Sveta working on the final draft of The Land of Haven map
I have SO appreciated all the love Sveta Dorosheva's been getting this past week as I've given little hints of the map. As many of you have noted, her work is out of this world gorgeous. You can check out some other maps Sveta's created here.
And I have a surprise for you all!
Sveta was kind enough to answer some interview questions! I thought you'd appreciate a behind-the-scenes look at the life of a brilliant illustrator.
So pull up a chair, cozy up, and enjoy the interview. 😊 (And don't worry, I haven't forgotten about the grand finale of this blog post! I've saved it for last!)
Interview with Sveta Dorosheva
MR: Hi, Sveta! Thank you for taking the time to chat. I'm a big fan of your work, and I'd love to hear about your career as a map illustrator--can you share how you got started and what has your journey been like?
SD: I never specialized on maps in particular. I have been working as a commercial illustrator for about a decade now. And since my graphics are mostly narrative, I did a lot of art for books, including my own. A couple of years ago my agency sent me an enquiry for a fantasy book map (it was "King of Scars" by Leigh Bardugo), and frankly, I took it for regular reasons of a freelance artist (big publisher + okay budget + the subject matter sounds like something I could do well).
I later learned just WHO and WHAT I was illustrating. And it's a good thing that I didn't know at the moment - responsibility for "creating something great" always makes the work worse! Anyway, the map turned out lovely, and after that map commissions just kept coming. Which, frankly, was a shock - I never knew maps were popular in books!
MR: I know your illustrations span many different kinds of projects (including your own published books!). What do you find is unique to map illustration? What are the particular joys and challenges?
SD: I am a big fan of antique maps and spend weeks in online museums and libraries to study them (and a couple of days in the Vatican map corridor:). From our standpoint in time, all antique maps are fantasy - fabulous beasts, unknown lands, creatures and monsters... They tried to convey the feel of a different world. That's something I try to do in my maps too. Creating the mood of a different world is the fun part. The challenging part is the actual map construction - what's where, composition, fitting it all on a spread, attending to the right placement, relation, proportion, distance, keeping things out of the book's gutter, etc.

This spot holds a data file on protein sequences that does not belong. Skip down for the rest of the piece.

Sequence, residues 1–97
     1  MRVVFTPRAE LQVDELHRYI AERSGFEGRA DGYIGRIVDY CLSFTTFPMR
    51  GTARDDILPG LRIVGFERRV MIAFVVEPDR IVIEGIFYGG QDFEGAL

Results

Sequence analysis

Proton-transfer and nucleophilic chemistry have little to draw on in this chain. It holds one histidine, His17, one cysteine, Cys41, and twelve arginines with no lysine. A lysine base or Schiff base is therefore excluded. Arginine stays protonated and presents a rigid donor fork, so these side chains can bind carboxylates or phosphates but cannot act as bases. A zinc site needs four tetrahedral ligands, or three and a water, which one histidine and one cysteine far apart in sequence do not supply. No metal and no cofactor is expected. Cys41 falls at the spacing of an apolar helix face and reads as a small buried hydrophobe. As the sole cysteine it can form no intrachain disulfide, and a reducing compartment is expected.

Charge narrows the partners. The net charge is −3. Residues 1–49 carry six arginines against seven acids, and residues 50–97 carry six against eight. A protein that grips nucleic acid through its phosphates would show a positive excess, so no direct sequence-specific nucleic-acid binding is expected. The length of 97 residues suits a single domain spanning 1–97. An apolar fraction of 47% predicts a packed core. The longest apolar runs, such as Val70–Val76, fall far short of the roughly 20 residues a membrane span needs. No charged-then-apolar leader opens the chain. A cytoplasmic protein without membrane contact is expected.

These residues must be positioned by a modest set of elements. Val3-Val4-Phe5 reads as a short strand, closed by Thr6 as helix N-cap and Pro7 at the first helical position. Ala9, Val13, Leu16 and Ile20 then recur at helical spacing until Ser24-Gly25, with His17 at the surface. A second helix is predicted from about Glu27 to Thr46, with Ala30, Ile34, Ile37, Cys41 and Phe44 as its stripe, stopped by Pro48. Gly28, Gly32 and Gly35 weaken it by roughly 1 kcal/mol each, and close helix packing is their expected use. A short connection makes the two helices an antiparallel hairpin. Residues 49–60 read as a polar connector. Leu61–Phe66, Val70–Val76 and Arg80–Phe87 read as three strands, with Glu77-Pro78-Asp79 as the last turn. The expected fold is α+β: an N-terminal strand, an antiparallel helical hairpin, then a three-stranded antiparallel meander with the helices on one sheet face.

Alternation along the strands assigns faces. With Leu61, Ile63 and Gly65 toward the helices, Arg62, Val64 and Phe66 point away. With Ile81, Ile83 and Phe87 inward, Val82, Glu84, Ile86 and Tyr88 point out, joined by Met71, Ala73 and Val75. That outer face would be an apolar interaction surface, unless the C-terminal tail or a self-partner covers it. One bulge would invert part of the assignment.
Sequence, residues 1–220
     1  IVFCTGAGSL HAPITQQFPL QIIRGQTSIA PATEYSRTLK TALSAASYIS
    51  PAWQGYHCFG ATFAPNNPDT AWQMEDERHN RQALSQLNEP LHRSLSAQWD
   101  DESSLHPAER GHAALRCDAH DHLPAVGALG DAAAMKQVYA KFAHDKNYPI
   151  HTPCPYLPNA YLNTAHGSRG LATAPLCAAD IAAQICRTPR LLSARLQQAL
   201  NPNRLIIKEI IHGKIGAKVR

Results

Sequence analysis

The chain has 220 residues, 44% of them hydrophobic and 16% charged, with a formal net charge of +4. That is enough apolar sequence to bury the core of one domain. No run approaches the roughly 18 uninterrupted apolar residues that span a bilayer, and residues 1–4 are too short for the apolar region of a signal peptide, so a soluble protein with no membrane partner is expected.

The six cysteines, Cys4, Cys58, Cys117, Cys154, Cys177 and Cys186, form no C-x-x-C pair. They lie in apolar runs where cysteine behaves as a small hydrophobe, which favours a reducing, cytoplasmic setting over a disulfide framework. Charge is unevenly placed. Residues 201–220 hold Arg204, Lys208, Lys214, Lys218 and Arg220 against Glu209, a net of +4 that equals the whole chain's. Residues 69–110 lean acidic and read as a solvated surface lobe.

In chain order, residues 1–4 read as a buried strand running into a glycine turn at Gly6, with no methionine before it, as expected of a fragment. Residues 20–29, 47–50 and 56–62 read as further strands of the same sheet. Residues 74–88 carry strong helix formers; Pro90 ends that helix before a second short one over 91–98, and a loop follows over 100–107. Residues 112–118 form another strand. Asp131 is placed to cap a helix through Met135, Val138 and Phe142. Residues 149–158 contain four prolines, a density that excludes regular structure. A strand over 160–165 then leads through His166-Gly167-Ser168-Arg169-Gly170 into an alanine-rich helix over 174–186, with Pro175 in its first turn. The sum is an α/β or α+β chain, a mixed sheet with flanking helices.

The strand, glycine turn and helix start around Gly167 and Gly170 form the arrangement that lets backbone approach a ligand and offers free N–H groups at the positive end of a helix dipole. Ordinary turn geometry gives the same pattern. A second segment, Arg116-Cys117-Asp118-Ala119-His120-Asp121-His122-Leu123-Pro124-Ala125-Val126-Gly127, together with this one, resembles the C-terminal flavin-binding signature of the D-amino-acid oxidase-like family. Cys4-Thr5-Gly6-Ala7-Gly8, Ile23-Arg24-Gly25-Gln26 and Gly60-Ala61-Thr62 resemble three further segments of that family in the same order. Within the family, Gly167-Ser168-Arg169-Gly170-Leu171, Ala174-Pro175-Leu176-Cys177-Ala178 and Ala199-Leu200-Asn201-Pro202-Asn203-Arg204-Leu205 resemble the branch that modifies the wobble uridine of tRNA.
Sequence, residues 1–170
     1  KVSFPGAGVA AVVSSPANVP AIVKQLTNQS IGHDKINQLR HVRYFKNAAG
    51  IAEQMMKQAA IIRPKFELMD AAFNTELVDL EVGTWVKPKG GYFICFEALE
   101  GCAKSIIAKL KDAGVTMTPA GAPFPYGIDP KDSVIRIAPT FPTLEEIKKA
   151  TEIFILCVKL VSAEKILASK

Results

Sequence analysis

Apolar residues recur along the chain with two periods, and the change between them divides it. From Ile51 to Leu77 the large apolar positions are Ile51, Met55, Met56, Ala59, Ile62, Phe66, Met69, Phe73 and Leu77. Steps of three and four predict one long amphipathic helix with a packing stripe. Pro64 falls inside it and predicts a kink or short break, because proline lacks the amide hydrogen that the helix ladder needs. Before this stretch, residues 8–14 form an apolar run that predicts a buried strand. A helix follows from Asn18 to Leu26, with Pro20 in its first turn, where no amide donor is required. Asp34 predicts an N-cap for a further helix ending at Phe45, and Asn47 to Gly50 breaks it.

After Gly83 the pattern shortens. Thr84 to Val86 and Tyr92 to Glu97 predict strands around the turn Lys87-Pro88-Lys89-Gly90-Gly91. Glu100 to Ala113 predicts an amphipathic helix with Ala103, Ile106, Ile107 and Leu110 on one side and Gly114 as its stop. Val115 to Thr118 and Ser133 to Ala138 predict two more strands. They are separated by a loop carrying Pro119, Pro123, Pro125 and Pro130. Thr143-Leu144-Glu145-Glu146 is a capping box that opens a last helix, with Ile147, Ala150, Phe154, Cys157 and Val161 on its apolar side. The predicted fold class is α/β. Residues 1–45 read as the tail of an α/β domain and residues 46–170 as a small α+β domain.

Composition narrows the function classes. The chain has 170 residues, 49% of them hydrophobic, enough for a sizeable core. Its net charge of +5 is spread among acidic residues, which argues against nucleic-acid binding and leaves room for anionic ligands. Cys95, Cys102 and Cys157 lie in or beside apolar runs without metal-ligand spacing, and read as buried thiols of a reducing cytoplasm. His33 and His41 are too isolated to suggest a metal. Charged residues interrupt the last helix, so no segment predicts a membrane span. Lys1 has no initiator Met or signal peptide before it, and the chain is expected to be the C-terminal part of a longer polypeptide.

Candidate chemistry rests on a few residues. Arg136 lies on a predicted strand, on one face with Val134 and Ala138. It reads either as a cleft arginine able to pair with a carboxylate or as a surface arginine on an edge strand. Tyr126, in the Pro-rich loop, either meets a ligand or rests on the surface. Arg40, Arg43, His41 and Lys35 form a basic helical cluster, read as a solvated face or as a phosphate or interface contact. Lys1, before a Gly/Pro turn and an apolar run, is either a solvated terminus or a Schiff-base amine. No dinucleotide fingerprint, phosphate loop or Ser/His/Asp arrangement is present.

Also, this is a point when I need to try and get into the author's head and SEE the major locations. What are they like? Even if they are fantastic, they still have some type of epoch and culture references, mood, character, scenery, etc. That's why I asked you so many questions:) Thank you for taking the time to answer them all! Most of the things I learn about the world I am mapping out don't make it to the map for clarity and lack of space, but they are indispensable for me - if I am clear about the world, the relevant mood weaves itself into every detail, decor and overall style.
MR: Can you share about your experience working on the map of Haven?
SD: I like it when the author has a draft, well thought through, which you had and which I found very helpful (you could show it, by the way, if you want to - to illustrate the process). That saves me the excruciating part of actually orienting in space - my guilty secret is that I am awful with actual maps, they lose me in a new city in no time at all!
After we went through all the questions about the world, all I had to do was render it in a style and manner, particular to this invented world. I often use the frame to hint at what's inside the book (key characters and objects, magical creatures, and overall genre). First I usually do a detailed pencil draft for everyone to agree on and make the necessary changes, and then go on to the final artwork. I draw by hand. This particular map was done with a usual black pen 0.5 on bleedproof paper for comics:). The drawing is always larger than it will be in the book - in this case, A3.
MR: Can you tell us about some other projects are you working on right now?
SD: You'll be shocked, but I have two more book maps in the works. 😊 And a book cover (it's a mystery novel).
MR: Lastly, how can authors or agents contact you if they're interested in working with you?
SD: My agents are at www.illustrationx.com/contact or email@example.com, or you can contact me directly if you just have a question or would like to talk - firstname.lastname@example.org
MR: Thank you so much, Sveta!
Everyone, you can find Sveta online on her website, Instagram, and Etsy.
Also, I highly recommend her gorgeously illustrated book, The Land of Stone Flowers: A Fairy Guide to Mythical Human Beings , which is absolutely as whimsical and adorable as you'd imagine.
Wren is a magic human from the island of Meraki.
Her people are natural enemies with the Mainlanders. Her father is the Dragon Master who works with the island dragons on the southern tip of the island.
Wren's mom, who has since passed away, used to call Wren "Dolphin." As a fun detail, can you spot the pod of dolphins swimming near her home?
Shenli is from a small village in the Coastal District in the Mainland. His village is known for their fishing skills, and if you look closely, you'll see evidence of that on the map. :)
Early on in the book, Shenli is forced to serving as a steward for Chancellor Cudek, and spends much of his time working in the castle.